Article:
Brahms-Schoenberg Quartet

Choreography by: George Balanchine

Music by: Johannes Brahms 

A sweeping romantic work for 55 dancers, the Austro-Hungarian-inflected Brahms-Schoenberg Quartet ends in an intoxicating finale.

Brahms-Schoenberg Quartet was the first abstract work Balanchine designed for the stage of the New York State Theater, which replaced the smaller City Center of Music and Drama as the home of New York City Ballet in 1964. Balanchine often said that chamber music was not suitable for large ballets, since chamber pieces typically are "too long, with too many repeats, and are meant for small rooms." Schoenberg crafted his orchestration of the Brahms G minor piano quartet in the 1930's out of a similar dissatisfaction, telling a critic that the chamber version "is always very badly played, as the better the pianist, the louder he plays, and one hears nothing of the strings." Lincoln Kirstein writes that the dances "seem steeped in the apprehension and change permeating the sunset of the Austro-Hungarian monarchy. They suggest a world drunk on 'wine and roses.'"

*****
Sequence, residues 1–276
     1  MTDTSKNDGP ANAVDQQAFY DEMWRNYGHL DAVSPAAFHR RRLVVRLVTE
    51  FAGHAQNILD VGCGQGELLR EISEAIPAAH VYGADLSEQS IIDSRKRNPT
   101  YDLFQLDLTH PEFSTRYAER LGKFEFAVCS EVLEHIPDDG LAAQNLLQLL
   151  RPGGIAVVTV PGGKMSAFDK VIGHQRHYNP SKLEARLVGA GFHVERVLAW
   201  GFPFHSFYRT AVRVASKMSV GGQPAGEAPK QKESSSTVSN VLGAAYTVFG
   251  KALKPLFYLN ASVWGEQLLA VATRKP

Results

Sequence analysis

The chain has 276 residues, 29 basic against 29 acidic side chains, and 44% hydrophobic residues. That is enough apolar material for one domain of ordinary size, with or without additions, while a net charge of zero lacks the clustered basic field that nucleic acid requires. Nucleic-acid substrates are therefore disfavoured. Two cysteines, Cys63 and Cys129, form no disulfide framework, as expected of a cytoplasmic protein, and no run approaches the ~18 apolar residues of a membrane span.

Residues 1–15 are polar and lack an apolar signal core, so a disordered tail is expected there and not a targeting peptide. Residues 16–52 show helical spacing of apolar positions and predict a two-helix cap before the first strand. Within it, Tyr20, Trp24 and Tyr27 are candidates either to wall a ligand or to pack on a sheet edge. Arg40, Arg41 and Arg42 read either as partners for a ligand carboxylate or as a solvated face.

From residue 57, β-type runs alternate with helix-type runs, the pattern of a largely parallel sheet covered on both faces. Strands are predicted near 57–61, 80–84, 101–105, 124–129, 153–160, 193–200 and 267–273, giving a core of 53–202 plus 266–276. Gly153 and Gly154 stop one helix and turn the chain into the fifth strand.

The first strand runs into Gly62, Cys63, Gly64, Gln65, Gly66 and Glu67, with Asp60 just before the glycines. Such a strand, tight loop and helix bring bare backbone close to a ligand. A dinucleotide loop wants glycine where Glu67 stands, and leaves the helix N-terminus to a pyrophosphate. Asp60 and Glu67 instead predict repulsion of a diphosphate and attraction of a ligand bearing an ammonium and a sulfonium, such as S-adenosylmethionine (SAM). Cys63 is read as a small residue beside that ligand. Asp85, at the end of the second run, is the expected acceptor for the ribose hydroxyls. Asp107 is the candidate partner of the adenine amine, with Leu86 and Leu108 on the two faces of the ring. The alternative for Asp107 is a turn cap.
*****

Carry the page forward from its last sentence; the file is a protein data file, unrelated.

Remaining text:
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Piano Quartet No. 1 in G minor, Op. 25 (1861), orchestrated by Arnold Schoenberg (1937)
April 12, 1966, New York City Ballet, New York State Theater
Original Cast
Melissa Hayden, Gloria Govrin, Patricia McBride, Allegra Kent, Suzanne Farrell, André Prokovsky, Conrad Ludlow, Edward Villella, Jacques d'Amboise

43 Min.
Costumes by
Set by
Peter Harvey, executed by Feller Scenery Studios; David Mitchell (1986)
Lighting by
Ronald Bates